Lifestyle Magazine


By Saumya Shiohare @myriadmusings1
"Do you really want to become an AMERICAN CITIZEN? ", an American friend asked me four days before I was getting Naturalized?  "YES, without any second thought", I said instantly.
Truth be told, the fact that I was getting naturalized and my citizenship with India was changing hadn't sunk into me until my friend asked me about my decision, which sure got me into thinking 'if it was really going to be worth giving up my Indian citizenship for American citizenship'. Well, looking at the current political and financial scenario here in the States, anyone would get appalled but you tell me ' where on Earth is anyone safe? Which country is crime-free, corruption-free, guarantees jobs and financial security, ensures 100% women safety and equality, where there is no racial-inequality- answer, NONE? So how does it matter if I have a Citizenship of India, or America or any other XYZ country?  
CIRCA 2006, I came into this country as a dependent of my husband. I completely exemplified the novice housewife who loved being home, enjoyed cooking for her new husband and watching TV and decorating the house was her favorite pastime. Like any new couple, husband and I would travel over the weekends, explore new places, take up dancing lessons, work out together and just do what other newly-weds do. I didn't really care for further education or work, reason being simple- as a dependent I could not work here in US. We were enjoying that life but deep down both husband and I feared immigration issues and deportation. Our paperwork was current, we worked with the best immigration law firm, but still- there was this underlying fear that we never acknowledged but we knew it was there. 
Late 2007 we applied for our Green Card. We fulfilled all the parameters for eligibility and so we applied. A couple years later we got the EAD ( employment authorization document)  card which was like a permit for both husband and I to be employed in the United States without a visa. I still had no intentions of working, but starting a blog was definitely at the back of my mind. I had already been following a few bloggers and developed an aspiration to become a blogger myself. But then we decided to start a family and traveled quite a bit to enjoy our marital life before entering our new life chapter of becoming parents. We had our daughter in 2010 and life changed. We got busy and totally forgot about our Green Card, at least I did.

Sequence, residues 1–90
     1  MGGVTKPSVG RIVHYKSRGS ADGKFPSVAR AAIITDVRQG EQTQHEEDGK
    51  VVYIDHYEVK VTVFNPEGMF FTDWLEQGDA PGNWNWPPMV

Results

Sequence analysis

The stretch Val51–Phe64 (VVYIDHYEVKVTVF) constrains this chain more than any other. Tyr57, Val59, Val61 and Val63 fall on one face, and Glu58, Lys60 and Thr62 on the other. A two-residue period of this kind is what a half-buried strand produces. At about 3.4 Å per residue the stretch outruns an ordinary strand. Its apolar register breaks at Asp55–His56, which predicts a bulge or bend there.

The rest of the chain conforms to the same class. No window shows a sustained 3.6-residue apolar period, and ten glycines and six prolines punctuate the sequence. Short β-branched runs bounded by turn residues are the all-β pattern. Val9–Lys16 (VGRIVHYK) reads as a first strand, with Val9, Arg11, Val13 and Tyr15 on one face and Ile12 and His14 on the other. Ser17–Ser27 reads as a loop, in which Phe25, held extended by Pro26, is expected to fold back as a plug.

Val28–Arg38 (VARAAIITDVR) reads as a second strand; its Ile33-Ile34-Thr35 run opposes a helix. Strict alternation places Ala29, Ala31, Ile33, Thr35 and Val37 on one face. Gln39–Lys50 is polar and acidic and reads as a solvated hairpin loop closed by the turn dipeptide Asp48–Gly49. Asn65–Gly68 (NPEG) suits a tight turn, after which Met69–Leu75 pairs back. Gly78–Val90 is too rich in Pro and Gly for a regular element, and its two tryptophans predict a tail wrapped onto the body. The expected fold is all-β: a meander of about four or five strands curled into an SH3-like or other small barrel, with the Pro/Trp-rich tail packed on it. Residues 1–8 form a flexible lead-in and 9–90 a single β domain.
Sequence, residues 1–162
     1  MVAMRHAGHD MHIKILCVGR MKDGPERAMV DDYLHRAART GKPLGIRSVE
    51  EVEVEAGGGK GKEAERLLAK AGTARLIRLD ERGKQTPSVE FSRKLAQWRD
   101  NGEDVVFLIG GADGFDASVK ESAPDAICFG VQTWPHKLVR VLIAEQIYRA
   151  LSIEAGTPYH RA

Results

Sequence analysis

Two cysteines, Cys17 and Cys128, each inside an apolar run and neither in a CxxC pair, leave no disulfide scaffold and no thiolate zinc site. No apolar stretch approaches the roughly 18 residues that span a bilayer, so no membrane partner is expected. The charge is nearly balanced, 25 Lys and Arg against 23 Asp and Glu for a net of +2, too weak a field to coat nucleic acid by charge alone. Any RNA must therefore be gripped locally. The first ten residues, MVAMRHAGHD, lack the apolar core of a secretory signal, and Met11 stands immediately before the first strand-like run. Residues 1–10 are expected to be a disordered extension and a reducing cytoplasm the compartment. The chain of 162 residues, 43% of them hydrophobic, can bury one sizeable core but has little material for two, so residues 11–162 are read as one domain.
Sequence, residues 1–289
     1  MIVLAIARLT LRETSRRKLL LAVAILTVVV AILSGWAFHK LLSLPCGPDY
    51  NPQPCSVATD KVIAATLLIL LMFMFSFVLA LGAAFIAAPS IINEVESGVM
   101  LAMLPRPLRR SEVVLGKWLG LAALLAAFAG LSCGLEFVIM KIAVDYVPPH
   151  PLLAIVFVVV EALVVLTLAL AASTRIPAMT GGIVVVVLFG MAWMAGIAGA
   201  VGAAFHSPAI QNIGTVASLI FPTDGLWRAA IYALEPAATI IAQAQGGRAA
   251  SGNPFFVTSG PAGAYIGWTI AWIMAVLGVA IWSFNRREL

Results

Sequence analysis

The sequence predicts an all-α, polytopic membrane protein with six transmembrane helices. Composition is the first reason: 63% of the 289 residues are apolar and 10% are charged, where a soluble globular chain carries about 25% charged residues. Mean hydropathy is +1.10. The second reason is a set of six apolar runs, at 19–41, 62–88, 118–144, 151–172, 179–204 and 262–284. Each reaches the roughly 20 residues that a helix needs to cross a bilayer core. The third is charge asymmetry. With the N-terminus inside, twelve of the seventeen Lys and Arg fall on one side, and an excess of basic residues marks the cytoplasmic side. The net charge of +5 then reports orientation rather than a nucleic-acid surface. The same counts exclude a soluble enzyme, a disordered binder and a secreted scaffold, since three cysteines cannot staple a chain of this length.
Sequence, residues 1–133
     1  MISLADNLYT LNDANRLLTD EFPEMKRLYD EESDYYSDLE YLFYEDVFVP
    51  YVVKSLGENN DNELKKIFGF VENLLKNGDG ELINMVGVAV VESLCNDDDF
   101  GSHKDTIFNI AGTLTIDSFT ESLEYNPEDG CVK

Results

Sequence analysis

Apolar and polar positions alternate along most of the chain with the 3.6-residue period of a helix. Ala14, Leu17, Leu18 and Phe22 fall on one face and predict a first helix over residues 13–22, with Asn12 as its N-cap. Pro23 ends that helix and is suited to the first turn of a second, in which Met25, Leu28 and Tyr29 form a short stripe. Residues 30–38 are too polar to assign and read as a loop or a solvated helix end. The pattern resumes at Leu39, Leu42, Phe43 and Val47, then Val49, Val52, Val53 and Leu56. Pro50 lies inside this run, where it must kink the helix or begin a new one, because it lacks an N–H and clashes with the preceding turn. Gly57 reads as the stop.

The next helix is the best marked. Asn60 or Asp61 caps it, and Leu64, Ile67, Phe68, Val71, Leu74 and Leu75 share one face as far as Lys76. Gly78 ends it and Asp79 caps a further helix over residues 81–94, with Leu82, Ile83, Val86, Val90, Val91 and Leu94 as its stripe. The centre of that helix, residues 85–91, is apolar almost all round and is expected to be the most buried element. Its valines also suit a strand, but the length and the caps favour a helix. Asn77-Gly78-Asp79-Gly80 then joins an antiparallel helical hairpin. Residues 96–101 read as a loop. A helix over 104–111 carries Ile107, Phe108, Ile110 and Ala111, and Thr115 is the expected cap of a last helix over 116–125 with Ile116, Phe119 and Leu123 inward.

I still remember the day my husband broke the news of our Green Card approval in 2013.  I had just landed here in US from India with my daughter and my husband who had come to pick us up at the airport handed over my Green Card to me. It was a joyous moment. The feeling of being accepted by a country as their very own was out of the world. The country to which I had already given my 8 years and husband even longer finally gave us some right over it. We could work here, we could travel worry-free between India and US, but we still could not VOTE. 
Fast forward 2018, after waiting five years post Green Card approval, I applied for my Citizenship. This time the documentation work was not as grueling. But what I was dreading the most was the Naturalization Test that I had to appear for in-person. Nine months post my application and biometrics submission, I was called to appear for the Naturalization test. Trust me, it felt like going on a war, the fear of losing which, would jeopardize my future in America.  Not that they would kick me out of the country, but I would have had to reappear for the test had I failed. 
On the morning of my test my stomach was churning, I was feeling butterflies and my heart was racing. The test was a Civic and English based knowledge test that literally lasted for ten minutes and the rest was general interrogation. The immigration officer did not tell me her final verdict right away but advised me to keep an eye out for the approval letter. Two weeks later I received my Naturalization Ceremony confirmation and thereafter rest is history. I got naturalized on Dec 21, 2019 in Virginia and now I begin my Indian Passport renunciation paperwork.
13 years, 8 months and 16 days later I was finally able to call AMERICA my home. America adopted me, it welcomed me, it gave me stability, it finally accepted me as one of it's own. Now I take pride in being called an American. Now, I have full protection from being deported, I am eligible for Government jobs, I have the freedom to travel and I have the freedom to cast my VOTE.  Now, my heart belongs here, I belong here, my family belongs here, my life belongs here....I am indebted to AMERICA for the rest of my life. GOD BLESS AMERICA!! 
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